Summary: 4 words for love in the Greek that describe covenant married love (Material adapted from Fred Lowry's book, Covenant Marriage, chapter 9 The Power of Covenant Love, pgs. 143- 151)
Some time ago a new organization prepared a special presentation on love and marriage. The reporters talked to more than 100 people from various cultures that practice arranged marriage- Indians, Koreans, Pakistanis, Orthodox Greeks, and Orthodox Jews. Over and over again they heard the same thing: “You Americans fall in love and then marry. We marry and then fall in love.” Which way is best? Not many of us would want our parents to pick our spouse for us. But whether we fall in love before the wedding ceremony or after, the fact remains that love is a crucial ingredient of any marriage. Love alone, however, will not make a marriage last.
The marriage covenant is what sustains a marriage over the long run. Love is something that, because of covenant, we keep choosing to do, both when we feel like it and when we do not.
But what is love? The word love is used casually and flippantly in our modern culture. Limited by our language, we use the same word to describe our love for God as we do our love for our mate, our dog, sports, a car, or a cream filled donut. Hopefully these are different
Thankfully the Greek language helps us a lot here. The Greek language uses 4 words to describe different kinds of love. Each of these need to be present in marriage.
Thesis: Let’s look at these 4 words for love in the Greek
Storge: I like you
One of the major reasons for the failures of marriages in our day is a flawed selection process. Simply put, people are making poor choices, and those choices are producing terrible consequences. Let me be painfully honest. Premarital sex blinds us to the flaws of a potential mate. Sex produces a bond that is not easily broken. These bonds are not healthy but harmful. Many people are marrying jerks that are not good for them. This person turns me on so I will marry them. Wrong!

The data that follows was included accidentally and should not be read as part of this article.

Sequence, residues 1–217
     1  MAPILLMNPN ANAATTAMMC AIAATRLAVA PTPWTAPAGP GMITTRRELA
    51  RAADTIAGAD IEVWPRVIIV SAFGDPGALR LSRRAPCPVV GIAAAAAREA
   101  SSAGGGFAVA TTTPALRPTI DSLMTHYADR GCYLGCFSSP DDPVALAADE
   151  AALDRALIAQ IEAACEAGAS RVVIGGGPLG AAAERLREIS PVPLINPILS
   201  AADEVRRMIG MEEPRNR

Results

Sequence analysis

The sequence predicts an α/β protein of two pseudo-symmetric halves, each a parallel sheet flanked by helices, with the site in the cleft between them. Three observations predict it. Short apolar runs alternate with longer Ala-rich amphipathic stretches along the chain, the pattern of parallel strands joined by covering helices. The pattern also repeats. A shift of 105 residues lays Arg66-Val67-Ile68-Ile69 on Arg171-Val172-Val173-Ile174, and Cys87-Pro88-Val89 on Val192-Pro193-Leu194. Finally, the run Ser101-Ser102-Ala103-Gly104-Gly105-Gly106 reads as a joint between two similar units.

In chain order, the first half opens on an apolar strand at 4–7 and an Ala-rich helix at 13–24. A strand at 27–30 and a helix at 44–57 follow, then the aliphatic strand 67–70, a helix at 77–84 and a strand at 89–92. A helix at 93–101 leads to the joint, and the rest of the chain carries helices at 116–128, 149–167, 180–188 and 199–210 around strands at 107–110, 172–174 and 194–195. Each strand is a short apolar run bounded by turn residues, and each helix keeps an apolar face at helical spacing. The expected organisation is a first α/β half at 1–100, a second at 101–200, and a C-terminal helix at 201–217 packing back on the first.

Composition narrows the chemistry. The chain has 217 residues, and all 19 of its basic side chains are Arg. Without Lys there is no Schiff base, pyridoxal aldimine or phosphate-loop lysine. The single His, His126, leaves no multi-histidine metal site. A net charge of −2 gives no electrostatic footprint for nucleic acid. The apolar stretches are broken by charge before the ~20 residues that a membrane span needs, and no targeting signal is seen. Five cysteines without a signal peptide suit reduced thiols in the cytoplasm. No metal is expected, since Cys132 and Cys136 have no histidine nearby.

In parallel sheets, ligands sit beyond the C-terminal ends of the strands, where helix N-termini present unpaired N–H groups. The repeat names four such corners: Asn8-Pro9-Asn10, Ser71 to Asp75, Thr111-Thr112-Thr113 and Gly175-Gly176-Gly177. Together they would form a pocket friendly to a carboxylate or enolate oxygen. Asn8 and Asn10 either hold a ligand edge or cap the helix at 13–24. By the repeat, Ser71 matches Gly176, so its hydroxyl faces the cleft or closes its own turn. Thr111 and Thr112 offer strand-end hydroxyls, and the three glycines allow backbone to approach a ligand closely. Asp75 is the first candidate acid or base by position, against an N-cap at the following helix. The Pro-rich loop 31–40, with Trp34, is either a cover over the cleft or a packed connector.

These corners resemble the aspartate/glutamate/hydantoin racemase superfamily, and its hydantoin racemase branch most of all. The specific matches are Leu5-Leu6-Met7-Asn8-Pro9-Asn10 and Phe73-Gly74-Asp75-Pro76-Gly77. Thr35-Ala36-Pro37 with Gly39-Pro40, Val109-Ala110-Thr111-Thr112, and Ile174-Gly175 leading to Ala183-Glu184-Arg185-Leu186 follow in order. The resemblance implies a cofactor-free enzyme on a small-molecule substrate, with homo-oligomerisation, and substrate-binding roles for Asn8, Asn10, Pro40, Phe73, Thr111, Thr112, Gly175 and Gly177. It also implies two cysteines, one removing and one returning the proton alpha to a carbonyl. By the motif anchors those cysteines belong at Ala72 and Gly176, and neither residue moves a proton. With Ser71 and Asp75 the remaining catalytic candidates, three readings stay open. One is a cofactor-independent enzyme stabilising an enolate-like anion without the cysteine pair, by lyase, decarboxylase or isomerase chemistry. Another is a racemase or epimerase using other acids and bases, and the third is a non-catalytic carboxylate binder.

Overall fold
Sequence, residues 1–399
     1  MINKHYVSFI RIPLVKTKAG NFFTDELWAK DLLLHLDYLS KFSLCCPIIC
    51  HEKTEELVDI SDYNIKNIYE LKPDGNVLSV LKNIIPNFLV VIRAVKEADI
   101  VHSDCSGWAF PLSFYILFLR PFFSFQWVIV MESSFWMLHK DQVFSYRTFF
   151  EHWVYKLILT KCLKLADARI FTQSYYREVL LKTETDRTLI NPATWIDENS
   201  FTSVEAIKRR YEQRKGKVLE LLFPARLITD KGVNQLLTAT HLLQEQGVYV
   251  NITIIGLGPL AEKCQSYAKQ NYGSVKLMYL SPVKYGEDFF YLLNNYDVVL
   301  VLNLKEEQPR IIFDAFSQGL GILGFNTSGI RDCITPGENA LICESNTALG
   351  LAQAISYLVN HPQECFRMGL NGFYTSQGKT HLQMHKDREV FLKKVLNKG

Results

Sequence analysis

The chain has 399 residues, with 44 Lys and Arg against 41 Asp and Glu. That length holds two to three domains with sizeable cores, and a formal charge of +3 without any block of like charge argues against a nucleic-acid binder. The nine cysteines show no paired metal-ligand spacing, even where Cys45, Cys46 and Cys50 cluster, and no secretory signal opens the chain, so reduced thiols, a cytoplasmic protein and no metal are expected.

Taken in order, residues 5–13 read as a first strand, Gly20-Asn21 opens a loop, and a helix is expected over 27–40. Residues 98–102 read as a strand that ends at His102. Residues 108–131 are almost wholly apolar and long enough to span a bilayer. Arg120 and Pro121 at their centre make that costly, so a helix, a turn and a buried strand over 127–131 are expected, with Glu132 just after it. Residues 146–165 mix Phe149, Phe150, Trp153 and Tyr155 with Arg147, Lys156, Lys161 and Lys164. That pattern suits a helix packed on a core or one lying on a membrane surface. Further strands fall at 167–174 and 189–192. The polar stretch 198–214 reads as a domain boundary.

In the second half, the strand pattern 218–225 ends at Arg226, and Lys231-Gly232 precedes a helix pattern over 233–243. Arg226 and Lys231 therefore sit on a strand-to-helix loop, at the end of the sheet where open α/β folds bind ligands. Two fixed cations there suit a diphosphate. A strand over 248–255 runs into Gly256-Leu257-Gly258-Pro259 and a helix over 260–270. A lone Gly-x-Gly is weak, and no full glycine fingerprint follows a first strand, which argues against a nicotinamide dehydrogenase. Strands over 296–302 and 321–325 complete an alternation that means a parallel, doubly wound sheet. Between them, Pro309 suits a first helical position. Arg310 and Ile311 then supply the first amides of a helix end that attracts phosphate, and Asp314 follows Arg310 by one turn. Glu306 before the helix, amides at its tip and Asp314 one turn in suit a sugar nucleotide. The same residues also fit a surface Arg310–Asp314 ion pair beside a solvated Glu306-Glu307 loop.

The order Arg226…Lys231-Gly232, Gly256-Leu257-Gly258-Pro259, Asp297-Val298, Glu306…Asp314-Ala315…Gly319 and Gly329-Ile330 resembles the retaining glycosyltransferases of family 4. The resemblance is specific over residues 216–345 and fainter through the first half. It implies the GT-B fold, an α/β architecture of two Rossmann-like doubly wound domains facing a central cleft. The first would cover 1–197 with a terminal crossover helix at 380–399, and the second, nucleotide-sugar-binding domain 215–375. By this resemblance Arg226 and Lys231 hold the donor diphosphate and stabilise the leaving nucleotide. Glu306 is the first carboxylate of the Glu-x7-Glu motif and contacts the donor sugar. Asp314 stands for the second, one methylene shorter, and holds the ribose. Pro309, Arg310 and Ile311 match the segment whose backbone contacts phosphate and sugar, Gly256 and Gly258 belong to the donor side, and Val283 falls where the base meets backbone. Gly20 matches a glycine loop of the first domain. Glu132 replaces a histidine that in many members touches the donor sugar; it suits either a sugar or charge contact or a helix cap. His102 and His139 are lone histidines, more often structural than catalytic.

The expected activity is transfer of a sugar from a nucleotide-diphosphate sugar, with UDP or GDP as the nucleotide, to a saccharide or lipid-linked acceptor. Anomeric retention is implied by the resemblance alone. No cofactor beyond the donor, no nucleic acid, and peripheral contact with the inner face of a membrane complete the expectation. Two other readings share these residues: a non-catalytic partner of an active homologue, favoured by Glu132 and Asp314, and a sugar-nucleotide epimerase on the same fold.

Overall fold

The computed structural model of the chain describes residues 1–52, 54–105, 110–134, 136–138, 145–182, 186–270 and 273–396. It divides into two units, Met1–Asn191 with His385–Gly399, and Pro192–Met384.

One of the Greek words for “love” is storge, and it means “I like you.” Liking the person we marry is important if we want our marriage to last. A husband and wife should share similar interests and values. They should enjoy being around one another in good times and in bad times, in pressure times and in play times.
Now there are many issues we do not know until we get married and go through the years with that person, but before we enter into marriage we better have some ideas of the issues we will face. Need to see that person in their good moments and in their bad moments. Need to know at least some of the issues we will face. “We won’t face any issues because we love each other.” Get a grip on reality! Everyone has weaknesses, character flaws, temptations, and shortcomings.
Mark Lowry said, “"There are people I love that I don't like. I go through Thanksgiving and Christmas, too!" It would be terrible for one of those people to be my spouse, one that I love (because I have to) but I don’t like.
I know you have to love me but do you really like me? If answer is No then something needs to change or there will be trouble. When choosing mate, much easier to grow to love someone we like than to keep loving someone we don’t like.
“Be devoted to one another in brotherly love. Honor one another above yourselves.” Romans 12:10. “Be devoted in brotherly love” uses a form of storge. Many times this is family love but goes deeper than this. A reference says that this is mutual love of parents and children and wives and husbands but also describes loving affection and prone to love.
Eros: I Want You
I often hear people say they want to get married because they are in love. The truth is, many are not so much “in love” as “in lust.” Marriage is not the cure for lust; self control is.
In our modern, sex crazed culture, we tend to have a “Love Boat” mentality that worships fun in the pursuit of a love that feels good. “If it feels good, do it.” The Greek word for this kind of love is eros, and it represents a selfish, sensual, and sexual love.
Not saying that we need to find someone who repulses us, someone who is ugly to marry. What I am saying is that eros love will not keep a couple together for life. Eros closes its eyes to faults, laughs off shortcomings, and rationalizes potential problems. As long as eros gets what it wants everything is fine. Passion and romance come and go quickly and easily; real covenant love, on the other hand, is hard work.